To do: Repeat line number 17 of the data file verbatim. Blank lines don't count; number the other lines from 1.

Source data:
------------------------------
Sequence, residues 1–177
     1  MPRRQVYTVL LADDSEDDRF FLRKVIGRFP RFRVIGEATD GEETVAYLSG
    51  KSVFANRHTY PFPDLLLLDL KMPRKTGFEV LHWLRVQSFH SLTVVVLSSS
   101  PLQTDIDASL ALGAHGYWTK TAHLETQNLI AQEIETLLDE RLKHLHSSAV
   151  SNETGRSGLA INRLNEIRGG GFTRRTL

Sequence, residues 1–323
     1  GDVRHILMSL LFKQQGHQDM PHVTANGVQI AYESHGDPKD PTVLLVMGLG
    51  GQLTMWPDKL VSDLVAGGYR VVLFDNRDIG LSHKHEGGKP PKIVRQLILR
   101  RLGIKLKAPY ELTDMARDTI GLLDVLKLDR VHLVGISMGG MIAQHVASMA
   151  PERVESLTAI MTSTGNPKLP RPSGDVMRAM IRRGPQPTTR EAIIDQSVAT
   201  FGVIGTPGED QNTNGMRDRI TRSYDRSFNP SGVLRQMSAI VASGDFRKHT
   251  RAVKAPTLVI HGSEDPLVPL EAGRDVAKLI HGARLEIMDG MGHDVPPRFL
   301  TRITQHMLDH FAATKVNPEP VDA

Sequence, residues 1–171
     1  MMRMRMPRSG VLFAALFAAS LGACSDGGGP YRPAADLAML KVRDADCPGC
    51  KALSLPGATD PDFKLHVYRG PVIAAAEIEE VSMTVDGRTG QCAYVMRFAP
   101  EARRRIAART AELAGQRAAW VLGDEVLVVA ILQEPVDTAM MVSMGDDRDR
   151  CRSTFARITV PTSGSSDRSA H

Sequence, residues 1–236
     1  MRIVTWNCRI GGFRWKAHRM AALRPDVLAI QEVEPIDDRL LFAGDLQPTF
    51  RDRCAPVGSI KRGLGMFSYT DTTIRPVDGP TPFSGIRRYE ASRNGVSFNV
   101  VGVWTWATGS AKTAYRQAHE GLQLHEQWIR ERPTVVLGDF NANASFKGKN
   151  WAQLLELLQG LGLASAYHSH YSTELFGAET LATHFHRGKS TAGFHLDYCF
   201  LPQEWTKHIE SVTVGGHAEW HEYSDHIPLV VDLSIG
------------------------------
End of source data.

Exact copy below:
   101  EARRRIAART AELAGQRAAW VLGDEVLVVA ILQEPVDTAM MVSMGDDRDR